Only three of the tracks were available to preview before the album’s full release. But I was so enamored with some of the names that were being featured, I went ahead and pre-ordered the entire thing. One of the greatest departures of this album, and the others before it, is that despite a sense of familiarity with the style feels as if each track is grown organically. Characteristic mixtures of synth, percussion, and funk style base give the listener a sense that there is order in there somewhere if you just listen long enough. A sort of musical chaos theory given form.
Two of the tracks on the album have accompanying videos, “More” featuring .Paak Anderson and directed by Shinichiro Watanabe of “Cowboy Bebop” fame, another featuring the voice of famed director David Lynch. That Anderson .Paak track, which was released early along with two others, is probably the home run of the album. There were some disappointing spots in it, but this track redeems much of it. In fact, the song and the video made me hope for a .Paak album produced by Flying Lotus.
It always seemed to me that George Clinton would be a natural artistic ancestor in the FlyLo genealogy. One of the first things that occurred to me as I was listening to the released tracks and even some of his older work was “George Clinton and Gap Band had a love child”. But I was underwhelmed by Clinton’s performance on the album. You almost always expect the unexpected with Clinton. The one thing you don’t expect to be unexpected is an underpowered performance. It struck me as a mumble rap performance with the gain turned down.
Shabazz Palace the duo comprised of Ishmael Butler and Tendai Maraire. In case you don’t recognize Butler’s name, he is one of the founding members of 90s rap sensation “Digable Planets”. Ever since Shabazz Palace’s Tiny Desk performance on NPR, I’d been looking forward to something new from them. When I saw that they were being featured on a track on this album, I couldn’t contain my excitement. Until I heard the actual track. This is not to say that the performance was bad but it seemed to be a missed opportunity. Shabazz Palaces and Flying Lotus didn’t need each other in order to deliver the track that was produced. It was like mixing two ingredients that neither enhanced nor detracted from one another. Given the level of creativity and discipline we’ve come to expect from all artists, that track ultimately fell flat. I was expecting a fission-fusion of creativity, a TNT to geometric atomic warhead explosion of lyrics and beats. What I got was a firecracker suddenly doused in water.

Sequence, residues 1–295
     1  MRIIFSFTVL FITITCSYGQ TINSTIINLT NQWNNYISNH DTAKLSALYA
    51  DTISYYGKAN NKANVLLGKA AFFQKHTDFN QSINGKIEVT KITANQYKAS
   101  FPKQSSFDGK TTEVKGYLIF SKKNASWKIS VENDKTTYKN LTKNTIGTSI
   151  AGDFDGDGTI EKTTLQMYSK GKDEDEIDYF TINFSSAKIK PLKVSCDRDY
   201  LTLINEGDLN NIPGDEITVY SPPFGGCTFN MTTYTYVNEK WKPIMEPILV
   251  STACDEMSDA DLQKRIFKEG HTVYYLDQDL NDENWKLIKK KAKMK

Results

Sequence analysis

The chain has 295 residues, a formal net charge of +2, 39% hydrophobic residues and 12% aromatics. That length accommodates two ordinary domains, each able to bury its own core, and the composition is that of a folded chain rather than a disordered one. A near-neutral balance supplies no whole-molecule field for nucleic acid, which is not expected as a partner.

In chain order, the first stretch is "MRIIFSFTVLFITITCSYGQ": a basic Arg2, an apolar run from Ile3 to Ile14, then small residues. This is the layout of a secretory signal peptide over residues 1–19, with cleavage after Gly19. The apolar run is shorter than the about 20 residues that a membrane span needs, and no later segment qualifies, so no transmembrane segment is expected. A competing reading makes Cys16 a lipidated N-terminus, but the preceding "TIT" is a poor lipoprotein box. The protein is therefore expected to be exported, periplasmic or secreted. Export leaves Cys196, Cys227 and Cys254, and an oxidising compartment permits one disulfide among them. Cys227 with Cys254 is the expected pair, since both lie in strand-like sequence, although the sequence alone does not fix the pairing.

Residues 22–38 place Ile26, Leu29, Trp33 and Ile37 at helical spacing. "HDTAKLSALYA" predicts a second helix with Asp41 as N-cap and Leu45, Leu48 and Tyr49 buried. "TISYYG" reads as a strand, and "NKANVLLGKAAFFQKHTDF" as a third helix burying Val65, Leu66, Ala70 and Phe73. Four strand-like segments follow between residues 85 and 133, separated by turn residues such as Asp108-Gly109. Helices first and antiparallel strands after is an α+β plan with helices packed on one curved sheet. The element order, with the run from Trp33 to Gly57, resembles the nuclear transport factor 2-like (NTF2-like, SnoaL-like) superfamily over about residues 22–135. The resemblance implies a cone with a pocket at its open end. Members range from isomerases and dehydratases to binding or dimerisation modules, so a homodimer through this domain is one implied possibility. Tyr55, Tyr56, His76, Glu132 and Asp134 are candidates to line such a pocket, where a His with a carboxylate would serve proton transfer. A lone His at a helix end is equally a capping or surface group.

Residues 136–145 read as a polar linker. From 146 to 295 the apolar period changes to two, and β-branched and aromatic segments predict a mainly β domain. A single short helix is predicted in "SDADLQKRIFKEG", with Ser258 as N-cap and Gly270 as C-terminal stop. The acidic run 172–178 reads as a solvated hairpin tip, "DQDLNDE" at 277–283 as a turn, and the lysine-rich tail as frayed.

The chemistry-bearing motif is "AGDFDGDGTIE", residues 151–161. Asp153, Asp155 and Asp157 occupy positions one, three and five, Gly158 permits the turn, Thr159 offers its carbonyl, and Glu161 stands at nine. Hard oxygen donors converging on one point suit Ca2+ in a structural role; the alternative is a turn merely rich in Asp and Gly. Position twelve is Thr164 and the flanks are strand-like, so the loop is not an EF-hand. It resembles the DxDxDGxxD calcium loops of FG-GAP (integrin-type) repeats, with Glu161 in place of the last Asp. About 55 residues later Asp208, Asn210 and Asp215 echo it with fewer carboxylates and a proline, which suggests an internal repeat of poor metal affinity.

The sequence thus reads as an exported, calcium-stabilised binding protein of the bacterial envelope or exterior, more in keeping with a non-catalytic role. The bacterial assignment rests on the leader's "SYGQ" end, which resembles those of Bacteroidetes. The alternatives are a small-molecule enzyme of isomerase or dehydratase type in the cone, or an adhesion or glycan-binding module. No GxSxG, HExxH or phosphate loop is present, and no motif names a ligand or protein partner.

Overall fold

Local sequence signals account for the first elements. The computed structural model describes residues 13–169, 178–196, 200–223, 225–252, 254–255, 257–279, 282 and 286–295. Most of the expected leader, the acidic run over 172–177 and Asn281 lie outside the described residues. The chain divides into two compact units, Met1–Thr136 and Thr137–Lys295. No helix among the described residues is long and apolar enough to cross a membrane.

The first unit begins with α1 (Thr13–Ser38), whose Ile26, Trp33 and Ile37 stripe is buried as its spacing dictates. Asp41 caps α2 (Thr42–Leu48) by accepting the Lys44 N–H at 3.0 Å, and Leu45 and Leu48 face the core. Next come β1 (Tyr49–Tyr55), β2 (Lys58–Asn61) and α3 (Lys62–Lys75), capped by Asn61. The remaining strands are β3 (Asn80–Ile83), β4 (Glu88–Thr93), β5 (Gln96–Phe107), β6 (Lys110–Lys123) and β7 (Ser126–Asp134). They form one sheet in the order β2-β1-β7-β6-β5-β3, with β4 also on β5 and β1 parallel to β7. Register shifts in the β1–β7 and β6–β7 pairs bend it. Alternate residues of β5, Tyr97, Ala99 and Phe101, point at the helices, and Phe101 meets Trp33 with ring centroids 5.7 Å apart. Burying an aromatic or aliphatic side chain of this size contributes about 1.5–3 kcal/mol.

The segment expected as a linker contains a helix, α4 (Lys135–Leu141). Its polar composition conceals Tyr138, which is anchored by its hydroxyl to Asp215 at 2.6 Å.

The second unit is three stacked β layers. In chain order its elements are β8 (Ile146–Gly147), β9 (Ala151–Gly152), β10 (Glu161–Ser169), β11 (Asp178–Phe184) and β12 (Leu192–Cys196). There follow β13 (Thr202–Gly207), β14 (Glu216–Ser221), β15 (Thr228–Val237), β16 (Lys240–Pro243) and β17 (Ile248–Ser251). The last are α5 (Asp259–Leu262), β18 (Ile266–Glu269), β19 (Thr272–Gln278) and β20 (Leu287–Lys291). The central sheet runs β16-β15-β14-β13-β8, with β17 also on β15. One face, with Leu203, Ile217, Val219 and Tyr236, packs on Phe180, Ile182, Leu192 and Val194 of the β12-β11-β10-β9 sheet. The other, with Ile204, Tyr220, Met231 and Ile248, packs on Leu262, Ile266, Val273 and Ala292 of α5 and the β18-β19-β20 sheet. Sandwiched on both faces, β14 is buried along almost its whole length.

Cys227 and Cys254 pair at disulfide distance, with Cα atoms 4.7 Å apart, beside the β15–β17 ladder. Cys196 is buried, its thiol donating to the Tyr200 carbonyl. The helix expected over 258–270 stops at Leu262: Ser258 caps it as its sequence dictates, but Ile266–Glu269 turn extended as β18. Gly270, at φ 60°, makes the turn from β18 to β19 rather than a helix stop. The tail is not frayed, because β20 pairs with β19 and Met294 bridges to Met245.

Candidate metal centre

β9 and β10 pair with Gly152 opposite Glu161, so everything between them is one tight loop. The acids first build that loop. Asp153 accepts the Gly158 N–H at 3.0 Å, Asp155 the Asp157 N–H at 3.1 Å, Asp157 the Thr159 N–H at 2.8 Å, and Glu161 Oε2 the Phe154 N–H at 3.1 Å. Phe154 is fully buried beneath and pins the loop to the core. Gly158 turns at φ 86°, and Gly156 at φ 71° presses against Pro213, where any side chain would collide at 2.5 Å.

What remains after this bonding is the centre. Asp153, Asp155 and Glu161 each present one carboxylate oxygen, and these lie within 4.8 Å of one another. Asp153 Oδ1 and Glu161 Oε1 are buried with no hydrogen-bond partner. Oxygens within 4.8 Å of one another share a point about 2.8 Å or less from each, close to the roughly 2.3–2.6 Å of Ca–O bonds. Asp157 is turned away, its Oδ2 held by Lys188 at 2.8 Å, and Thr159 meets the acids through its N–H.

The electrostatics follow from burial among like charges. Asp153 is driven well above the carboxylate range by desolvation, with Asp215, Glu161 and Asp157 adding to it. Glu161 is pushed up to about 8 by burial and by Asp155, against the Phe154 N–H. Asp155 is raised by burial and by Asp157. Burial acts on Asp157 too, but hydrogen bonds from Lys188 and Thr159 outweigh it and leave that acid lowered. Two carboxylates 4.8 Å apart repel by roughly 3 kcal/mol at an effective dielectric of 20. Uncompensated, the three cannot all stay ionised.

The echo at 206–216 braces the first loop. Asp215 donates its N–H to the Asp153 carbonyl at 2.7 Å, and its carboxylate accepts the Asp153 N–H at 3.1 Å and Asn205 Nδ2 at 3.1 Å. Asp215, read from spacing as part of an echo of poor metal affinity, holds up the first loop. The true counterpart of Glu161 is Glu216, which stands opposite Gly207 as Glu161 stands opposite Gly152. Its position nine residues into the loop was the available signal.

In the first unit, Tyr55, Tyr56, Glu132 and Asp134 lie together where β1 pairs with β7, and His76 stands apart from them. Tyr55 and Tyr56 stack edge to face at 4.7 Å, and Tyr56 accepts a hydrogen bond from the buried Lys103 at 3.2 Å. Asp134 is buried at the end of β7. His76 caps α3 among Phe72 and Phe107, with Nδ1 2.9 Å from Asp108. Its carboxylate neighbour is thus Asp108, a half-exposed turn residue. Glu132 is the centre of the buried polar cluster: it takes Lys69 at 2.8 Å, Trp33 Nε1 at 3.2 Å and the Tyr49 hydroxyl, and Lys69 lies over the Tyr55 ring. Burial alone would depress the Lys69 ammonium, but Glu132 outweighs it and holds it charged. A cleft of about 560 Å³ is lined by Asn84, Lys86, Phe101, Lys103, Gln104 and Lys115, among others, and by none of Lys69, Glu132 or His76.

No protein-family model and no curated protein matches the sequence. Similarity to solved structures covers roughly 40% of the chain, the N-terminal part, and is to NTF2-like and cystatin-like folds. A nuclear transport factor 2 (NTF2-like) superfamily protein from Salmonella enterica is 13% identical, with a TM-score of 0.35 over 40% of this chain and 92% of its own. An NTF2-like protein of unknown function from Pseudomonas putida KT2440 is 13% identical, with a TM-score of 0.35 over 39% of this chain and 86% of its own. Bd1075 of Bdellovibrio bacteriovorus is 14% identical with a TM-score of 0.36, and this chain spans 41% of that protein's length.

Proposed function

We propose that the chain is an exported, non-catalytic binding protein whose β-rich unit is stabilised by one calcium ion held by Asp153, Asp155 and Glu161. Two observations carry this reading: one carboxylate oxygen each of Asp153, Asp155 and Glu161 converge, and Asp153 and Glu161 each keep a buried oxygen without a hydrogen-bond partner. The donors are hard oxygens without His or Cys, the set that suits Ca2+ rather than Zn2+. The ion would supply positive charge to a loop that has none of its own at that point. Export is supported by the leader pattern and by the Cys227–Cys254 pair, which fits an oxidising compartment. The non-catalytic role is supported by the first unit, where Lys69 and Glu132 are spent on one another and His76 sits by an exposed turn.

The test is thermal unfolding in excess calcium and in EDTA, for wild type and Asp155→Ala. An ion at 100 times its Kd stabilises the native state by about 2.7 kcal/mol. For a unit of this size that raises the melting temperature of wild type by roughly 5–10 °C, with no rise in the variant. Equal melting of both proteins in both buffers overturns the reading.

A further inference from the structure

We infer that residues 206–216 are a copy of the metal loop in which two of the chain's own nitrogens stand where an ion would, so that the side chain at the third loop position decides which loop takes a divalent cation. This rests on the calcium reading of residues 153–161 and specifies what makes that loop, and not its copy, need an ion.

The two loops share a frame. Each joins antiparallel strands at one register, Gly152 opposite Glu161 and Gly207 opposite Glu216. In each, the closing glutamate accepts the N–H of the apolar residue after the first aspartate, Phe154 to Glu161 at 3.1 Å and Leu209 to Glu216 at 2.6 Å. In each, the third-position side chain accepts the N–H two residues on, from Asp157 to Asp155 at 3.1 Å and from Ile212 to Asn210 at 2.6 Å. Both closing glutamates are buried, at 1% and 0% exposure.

Little Dragon is featured on the track “Spontaneous”. And the vocals by Yukimi Nagano was the standout for me. Despite the performance not being transcendent, the dreamlike quality her voice can take on meshed well with the track, and thematically, it was a great addition to the album.
Tiara Whack on “Yellow Belly” was cool. But I wasn’t hyped over it like others I know. I will definitely lookout for new stuff from her. I have to say the same for Denzel Curry. I felt like he phoned his performance in a bit.
What we’ve come to expect from Flying Lotus is innovation and excellence. And he delivered that, as he always does, on this album. However, this was not the quantum leap in his musical evolution that we were expecting. I was pleased to see that his capacity for assembling incredible yet underutilized talent has only grown as has his own ability to weave narratives with his uniquely innovative style. But I just wasn’t blown away by something that promised to be absolutely wild.
Flying Lotus fans may end up being a bit disappointed with this latest effort. Newcomers to his music may find it satisfying unless they are already familiar with the work of some of the featured artists. Despite my disappointment with a couple of aspects of the album, I would still recommend it. The music is still great and still original and for those looking to expand their music tastes, FlyLo is always working with artists new and old. There are subtleties to be gleaned from repeated listening. I could swear I heard a little Herbie Hancock in a couple of the tracks, and as it turned out, he performs on the album. The Bruner Brothers also perform on the album. Even though I was disappointed in Ishmael Butler’s performance, Tendai Maraire’s musicianship on the Shabazz Palaces track was on point. I’ve always used Flying Lotus’ albums to write to. And that will be the case for this one. I still recommend buying the album though not as highly as I would like to.